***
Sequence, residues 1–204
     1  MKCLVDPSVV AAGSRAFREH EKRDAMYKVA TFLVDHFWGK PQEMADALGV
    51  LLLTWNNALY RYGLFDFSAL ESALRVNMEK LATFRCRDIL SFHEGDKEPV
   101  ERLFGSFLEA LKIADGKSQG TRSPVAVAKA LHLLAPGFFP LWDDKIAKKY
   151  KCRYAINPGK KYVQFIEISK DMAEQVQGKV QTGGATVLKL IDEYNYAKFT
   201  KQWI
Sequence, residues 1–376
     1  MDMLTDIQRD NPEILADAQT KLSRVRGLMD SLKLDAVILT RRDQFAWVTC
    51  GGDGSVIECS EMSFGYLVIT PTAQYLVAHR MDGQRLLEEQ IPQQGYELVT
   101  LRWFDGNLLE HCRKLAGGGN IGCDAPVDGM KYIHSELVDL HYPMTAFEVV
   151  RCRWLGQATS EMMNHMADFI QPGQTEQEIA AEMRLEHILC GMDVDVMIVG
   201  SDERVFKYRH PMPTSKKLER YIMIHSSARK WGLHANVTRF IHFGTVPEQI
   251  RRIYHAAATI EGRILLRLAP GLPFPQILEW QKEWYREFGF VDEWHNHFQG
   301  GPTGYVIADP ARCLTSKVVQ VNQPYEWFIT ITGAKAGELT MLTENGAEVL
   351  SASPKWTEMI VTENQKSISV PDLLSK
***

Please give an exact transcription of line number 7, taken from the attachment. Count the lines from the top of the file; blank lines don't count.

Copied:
Sequence, residues 1–376